Get Bach to Good Test Scores

Students prefer listening to music while testing, could create a healthy environment

It’s no surprise to see students in the hall who are wearing headphones. Sometimes, it’s even possible to hear their pop music blaring through the tiny speakers, and wonder how they have not managed to suffer from severe hearing loss or not get run over by a car when they cross a street.

In a world where listening to music in every imaginable setting is normal, it’s difficult for some students to grasp the concept of music not being allowed in testing environments. State law cites that students and teachers are not allowed to play music during state exams, and this greatly affects some students.

Teachers around campus have noticed an increase of students listening to music while they study or work. Even though they are not allowed to listen to music while they test in all classes, on state assessments, on college entrance exams, some teachers prefer to allow students to listen to music because they presume it helps them focus on their work and perform better on tests. A few teachers on campus believe allowing students to listen to their own music has both positive and negative effects on their students.

“I think that music can be useful while studying for some [students] in order to block out distractions,” Katie Beth Miller, English II teacher said. “Though, there are some individuals that get much less work done while listening to music because they are preoccupied with what they are listening to rather than what they are working on.”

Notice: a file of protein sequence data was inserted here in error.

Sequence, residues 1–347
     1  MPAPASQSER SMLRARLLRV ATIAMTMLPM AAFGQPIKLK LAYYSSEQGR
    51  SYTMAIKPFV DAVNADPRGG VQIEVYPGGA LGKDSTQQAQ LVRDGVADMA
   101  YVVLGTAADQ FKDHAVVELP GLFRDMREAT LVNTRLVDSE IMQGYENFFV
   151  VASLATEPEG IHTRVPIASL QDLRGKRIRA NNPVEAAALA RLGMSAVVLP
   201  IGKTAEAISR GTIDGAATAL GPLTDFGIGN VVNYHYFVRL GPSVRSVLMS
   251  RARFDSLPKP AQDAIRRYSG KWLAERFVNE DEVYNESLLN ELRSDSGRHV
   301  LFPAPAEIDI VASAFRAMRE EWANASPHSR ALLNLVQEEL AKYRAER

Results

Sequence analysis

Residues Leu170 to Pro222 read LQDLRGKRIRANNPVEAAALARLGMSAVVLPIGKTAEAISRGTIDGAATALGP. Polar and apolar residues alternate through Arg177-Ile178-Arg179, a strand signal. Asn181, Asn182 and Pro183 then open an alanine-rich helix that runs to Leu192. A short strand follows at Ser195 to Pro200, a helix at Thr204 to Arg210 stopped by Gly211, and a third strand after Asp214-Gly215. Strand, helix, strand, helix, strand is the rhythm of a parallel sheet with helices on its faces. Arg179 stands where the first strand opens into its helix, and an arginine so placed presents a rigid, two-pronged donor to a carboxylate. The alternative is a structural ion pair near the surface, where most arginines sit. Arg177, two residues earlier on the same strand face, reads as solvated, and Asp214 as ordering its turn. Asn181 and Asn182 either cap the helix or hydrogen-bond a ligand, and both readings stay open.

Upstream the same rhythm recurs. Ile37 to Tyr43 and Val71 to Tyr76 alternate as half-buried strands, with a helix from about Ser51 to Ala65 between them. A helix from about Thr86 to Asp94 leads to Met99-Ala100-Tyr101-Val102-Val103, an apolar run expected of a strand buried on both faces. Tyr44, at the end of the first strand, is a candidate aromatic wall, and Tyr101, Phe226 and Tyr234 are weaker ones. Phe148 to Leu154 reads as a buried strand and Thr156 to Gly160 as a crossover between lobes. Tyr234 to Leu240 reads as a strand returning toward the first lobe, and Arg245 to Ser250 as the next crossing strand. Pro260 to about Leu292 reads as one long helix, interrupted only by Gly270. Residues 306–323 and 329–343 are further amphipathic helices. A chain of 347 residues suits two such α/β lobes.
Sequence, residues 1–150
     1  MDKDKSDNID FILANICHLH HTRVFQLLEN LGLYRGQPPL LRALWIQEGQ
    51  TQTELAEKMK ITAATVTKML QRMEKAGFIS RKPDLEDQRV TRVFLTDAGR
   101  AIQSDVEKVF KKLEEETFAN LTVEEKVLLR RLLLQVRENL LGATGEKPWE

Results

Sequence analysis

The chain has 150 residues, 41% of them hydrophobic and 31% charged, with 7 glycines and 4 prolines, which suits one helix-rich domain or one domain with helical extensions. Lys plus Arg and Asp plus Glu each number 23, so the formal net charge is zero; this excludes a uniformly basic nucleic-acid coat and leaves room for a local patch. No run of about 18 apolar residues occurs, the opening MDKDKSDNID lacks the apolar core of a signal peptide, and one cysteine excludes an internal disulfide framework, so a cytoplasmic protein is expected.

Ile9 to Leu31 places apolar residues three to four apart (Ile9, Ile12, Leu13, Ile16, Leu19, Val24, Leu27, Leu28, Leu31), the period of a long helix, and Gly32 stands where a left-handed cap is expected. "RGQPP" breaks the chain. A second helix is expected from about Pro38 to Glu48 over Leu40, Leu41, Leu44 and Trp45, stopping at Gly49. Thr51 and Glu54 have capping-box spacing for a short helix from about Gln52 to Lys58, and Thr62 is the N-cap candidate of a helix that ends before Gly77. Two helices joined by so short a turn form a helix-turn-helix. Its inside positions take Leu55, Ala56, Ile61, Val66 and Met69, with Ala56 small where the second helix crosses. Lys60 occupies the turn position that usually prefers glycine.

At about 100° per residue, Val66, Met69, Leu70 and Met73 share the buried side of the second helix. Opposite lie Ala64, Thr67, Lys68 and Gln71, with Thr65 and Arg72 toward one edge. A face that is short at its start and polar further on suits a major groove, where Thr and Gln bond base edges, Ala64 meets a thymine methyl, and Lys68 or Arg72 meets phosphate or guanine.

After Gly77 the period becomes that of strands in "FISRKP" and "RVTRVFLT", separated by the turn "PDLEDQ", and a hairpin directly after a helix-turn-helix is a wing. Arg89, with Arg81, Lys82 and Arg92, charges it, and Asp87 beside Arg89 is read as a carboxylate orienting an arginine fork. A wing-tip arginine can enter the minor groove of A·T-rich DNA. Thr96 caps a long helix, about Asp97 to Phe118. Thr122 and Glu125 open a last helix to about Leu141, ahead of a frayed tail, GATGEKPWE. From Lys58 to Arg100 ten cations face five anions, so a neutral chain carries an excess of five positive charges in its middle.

Some would argue that music can be beneficial, and it can be. However, in testing settings, relying on personal music can be a faulty crutch. When students aren’t able to pull out their phones to enjoy music, it creates tension within the working environment.

“When I study or work, I do listen to non-lyrical music. It helps me focus on my work,” Kirsten Zachry, senior said. “If I don’t listen to music while I test, it doesn’t effect my ability to clearly answer the questions, but it does create a more difficult time focusing on what I’m doing. If I were able to listen to music while I tested, I would listen to the exact same music that I studied with.”

Some teachers on campus do allow students to listen to music, but they do not allow their students to listen to it from their phones.

“When I give tests, I almost always play music,” Jill Brown, U.S History teacher said. “However, lyrical music is not conductive to memory performance, therefore I do not allow personal music.”

Recent studies have shown that classical music “puts students into a heightened emotional state, making them more receptive to information.” (Read the article here.) This shows that listening to the right kind of music can be beneficial to students while they study.

Even though there is a lot of conflict with this in class, teachers should consider listening to classical music or non-lyrical music while their students study/work. By doing this, teachers could see an increase in test scores, and students would be able to better retain information. Despite music not being allowed during any tests, it might be useful if students listened to specific genres while they study.